By Dr Ines Rio, Chair, AMA Victoria Section of GP and Chair, North Western Melbourne Primary Health Network.
This article originally appeared on the AMA Victoria website.
GPs are uniquely well-placed to help treat an Australian health system beset by rising costs, soaring rates of chronic disease, an ageing population, rising inequity and access problems. GPs are the first point of contact for the vast majority of interactions with the health system; and demand is only growing.
GP visits were up 18 per cent in the 10 years to 2017, while in 2017-2018 some 88 per cent of Australians – 9 in 10 of us – visited a GP, with the average Australian going to their GP seven times per year.
Within their general practice team, GPs treat and manage more than 90 percent of all the problems with which patients present. The decisions we make and the type of care we provide are fundamental to achieving the best outcomes for both the patient and the system.
However, at the risk of stating the obvious, as GPs we can’t, by ourselves, manage every problem of every patient. With increasing complexity and chronicity of problems and therapeutic interventions, we require other practitioners and systems to work with us collaboratively around a patient, carer and family to achieve the best health outcomes.
To take one of many examples, a key priority in Australian health care right now is reducing avoidable hospital admissions. The Australian Institute of Health and Welfare found that in 2016-17 there were more than 700,000 preventable hospitalisations – in other words, around six per cent of admissions could have been avoided by, “Timely and appropriate provision of primary or community-based health care”.
Each of these preventable hospitalisations represents a significant cost. There is not just the expense of inpatient treatment, which is many times higher than community care, but the days and hours of lost productivity, the strain on hospital capacity and the unnecessarily prolonged pain and suffering for the patient themselves and their family. Better primary care, whether that is improved management of chronic conditions or timely treatment of acute illness, would be an enormous benefit for us all.
So what do we need to do to make it happen? Australian medical training is already first-class and our GPs do not want for ability, care or commitment. What they lack is the opportunity to do their jobs in the best way possible. To spend the time they need listening to their patients and reading between the lines, looking for and managing the underlying causes of their condition and getting to know them as people, not as a collection of diseases. Giving patients that opportunity calls for a rethink of how we structure, fund and support primary care. To do that, I believe it is time to embrace a model that I call the ‘fourth wave of general practice’.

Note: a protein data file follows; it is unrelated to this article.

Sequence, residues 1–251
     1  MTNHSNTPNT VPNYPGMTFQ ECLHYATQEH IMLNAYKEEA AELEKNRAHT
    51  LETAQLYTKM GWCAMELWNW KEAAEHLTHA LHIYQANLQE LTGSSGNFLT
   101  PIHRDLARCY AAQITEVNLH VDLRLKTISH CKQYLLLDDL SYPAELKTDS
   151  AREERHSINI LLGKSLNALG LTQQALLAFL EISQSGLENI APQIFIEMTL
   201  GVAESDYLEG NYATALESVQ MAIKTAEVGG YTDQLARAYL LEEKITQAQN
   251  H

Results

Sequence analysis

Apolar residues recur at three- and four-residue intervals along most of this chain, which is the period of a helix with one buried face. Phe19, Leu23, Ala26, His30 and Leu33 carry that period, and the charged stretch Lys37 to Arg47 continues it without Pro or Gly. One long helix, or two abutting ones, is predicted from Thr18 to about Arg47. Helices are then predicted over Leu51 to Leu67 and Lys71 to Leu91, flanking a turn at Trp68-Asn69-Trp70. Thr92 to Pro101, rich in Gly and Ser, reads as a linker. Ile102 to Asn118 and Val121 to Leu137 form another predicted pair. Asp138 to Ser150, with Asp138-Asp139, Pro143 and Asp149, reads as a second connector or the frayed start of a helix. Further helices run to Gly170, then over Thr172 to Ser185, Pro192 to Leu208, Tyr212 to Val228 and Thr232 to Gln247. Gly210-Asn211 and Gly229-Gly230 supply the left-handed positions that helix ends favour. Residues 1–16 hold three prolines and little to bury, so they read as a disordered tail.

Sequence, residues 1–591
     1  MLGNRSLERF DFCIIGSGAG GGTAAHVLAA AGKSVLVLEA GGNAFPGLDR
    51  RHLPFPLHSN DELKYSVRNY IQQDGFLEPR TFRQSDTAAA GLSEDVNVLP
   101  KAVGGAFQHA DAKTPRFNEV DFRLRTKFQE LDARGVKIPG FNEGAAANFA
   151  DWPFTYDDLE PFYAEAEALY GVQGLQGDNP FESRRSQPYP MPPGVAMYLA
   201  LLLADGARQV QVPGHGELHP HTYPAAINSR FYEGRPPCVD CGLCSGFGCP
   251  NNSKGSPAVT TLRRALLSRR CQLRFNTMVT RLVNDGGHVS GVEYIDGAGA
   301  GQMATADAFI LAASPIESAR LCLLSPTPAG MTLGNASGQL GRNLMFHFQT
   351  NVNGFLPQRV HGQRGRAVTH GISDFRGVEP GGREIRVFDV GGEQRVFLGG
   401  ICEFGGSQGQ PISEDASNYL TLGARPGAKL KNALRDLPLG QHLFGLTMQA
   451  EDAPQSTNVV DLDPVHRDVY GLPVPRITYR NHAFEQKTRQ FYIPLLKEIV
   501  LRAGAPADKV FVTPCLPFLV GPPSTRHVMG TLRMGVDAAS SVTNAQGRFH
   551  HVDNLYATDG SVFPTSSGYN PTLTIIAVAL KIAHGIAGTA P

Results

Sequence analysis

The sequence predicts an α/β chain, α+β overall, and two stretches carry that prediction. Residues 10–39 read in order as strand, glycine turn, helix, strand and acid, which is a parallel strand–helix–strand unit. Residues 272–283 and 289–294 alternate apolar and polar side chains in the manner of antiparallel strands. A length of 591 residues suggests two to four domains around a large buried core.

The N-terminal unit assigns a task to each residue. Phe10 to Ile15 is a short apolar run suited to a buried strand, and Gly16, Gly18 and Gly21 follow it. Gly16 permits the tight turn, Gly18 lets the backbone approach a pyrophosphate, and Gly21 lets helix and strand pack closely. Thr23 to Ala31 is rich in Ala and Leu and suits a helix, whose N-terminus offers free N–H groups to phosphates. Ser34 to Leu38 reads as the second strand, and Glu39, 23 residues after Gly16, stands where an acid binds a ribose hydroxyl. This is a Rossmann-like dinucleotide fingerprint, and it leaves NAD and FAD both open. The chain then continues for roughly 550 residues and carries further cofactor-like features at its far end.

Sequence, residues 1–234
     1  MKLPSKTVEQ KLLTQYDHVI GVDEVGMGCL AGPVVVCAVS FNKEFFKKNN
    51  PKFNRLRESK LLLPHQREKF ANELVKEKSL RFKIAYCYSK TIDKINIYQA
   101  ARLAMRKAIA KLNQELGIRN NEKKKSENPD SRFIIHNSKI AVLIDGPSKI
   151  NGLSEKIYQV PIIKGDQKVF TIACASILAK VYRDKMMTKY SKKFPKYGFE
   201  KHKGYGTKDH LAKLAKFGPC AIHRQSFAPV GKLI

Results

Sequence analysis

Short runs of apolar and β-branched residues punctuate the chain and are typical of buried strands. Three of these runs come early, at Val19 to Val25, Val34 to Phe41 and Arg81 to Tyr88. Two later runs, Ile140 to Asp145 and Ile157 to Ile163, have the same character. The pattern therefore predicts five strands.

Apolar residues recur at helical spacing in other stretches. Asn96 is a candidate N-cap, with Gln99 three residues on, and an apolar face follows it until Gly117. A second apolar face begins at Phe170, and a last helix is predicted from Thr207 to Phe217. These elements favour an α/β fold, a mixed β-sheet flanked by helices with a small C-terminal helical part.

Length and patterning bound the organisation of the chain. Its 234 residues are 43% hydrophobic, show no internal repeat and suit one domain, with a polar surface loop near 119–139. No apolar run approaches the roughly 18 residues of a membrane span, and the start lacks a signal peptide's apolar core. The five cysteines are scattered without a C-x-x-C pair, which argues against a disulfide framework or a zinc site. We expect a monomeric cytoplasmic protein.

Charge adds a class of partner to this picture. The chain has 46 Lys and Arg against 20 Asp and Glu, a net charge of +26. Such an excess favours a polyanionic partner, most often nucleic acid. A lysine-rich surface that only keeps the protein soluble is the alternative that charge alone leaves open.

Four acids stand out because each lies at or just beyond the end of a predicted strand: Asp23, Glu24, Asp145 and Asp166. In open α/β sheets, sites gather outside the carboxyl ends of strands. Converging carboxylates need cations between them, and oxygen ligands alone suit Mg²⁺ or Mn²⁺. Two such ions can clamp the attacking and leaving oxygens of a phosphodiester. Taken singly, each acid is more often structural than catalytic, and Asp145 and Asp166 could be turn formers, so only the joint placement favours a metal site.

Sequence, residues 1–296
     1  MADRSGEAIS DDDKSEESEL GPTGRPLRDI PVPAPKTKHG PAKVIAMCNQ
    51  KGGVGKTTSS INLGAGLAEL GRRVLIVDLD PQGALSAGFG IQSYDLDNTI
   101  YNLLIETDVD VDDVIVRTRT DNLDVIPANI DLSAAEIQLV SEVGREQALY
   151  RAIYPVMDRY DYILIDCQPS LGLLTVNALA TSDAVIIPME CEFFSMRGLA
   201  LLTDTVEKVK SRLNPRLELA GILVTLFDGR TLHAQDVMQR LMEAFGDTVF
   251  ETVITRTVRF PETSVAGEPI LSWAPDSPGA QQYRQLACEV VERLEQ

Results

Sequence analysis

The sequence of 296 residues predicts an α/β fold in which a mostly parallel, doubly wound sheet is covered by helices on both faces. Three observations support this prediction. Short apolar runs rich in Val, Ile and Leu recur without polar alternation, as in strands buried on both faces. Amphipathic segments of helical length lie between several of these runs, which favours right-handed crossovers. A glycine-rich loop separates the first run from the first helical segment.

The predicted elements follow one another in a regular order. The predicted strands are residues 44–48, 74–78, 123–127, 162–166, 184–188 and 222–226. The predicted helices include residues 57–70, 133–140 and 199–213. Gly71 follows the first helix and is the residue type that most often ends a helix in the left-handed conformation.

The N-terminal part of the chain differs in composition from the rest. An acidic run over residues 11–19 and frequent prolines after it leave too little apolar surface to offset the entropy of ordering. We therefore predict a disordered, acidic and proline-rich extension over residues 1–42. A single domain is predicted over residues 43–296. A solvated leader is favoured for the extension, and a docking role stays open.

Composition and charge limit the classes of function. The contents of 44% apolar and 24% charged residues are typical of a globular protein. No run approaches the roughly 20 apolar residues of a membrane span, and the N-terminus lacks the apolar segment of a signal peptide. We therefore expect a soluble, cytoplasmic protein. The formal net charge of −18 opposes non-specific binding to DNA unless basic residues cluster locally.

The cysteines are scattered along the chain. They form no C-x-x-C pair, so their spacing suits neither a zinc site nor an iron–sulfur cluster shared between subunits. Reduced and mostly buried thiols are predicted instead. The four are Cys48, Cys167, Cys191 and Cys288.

As I see it, the first wave was the traditional doctor, a generalist who often worked in isolation treating a wide range of ailments that were usually acute. The second wave started in the 1970s, with the family medical program that led to general practice becoming a specialty in its own right, and this led to the third wave of larger practices and multidisciplinary teams. Now it is time to take this to the next level, with the fourth wave –the patient-centred medical home becoming the bedrock of the provision of health care.
The evidence-based medical home model puts the patient in a partnership with a nominated GP in the middle of a connected suite of services that expand and enhance what a GP alone can offer. Several Primary Health Networks (PHNs) are already helping practices that want to move in this direction, with initiatives such as supporting quality improvement and the use of actionable data, embedding non-dispensing pharmacists in clinics or the Strengthening Care for Children pilot conducted by the North Western Melbourne PHN. This project looked at the impact on child health and the ability to care for children in the community by general practice by providing GPs with dedicated and timely specialist support from Royal Children’s Hospital paediatricians. Results showed a greater confidence in GPs in treating children, improved trust from families and a reduction in hospital outpatient and emergency referrals.
It is important to understand that moving to this ‘fourth wave’ is an urgent need and not an abstract one. At a time when the complex care needs of the community mean the need for GPs is greater than ever, and the demographics of the profession means we are facing an imminent wave of retirements, fewer and fewer medical students are opting to specialise in general practice. Since 2015, there has been a 20 per cent drop in students applying to study general practice and in 2019 there were 63 first-year GP training places left unfilled, despite multiple recruitment rounds.
The reasons for this range from the perceived lower status of general practice compared with other specialties to the very real gap in remuneration and conditions, which is only likely to grow under the current Medicare model. We need to be able to offer general practice registrars a more financially and professionally rewarding environment, where they are not forced to churn through patients, are supported to achieve outcomes and are properly compensated for the non-face-to-face time they invest in patient care. We need to be able to remove these negatives in order to showcase that general practice really is the most interesting, rewarding and valuable of all the specialities.
What we must do is preserve and build upon the historical privilege that GPs have enjoyed – the capacity to have a three-dimensional view of the person they are treating, to deliver all-important comprehensive, coordinated continuity of care. The cost of getting it wrong will be high, both to the budget bottom line and the health of all Australians.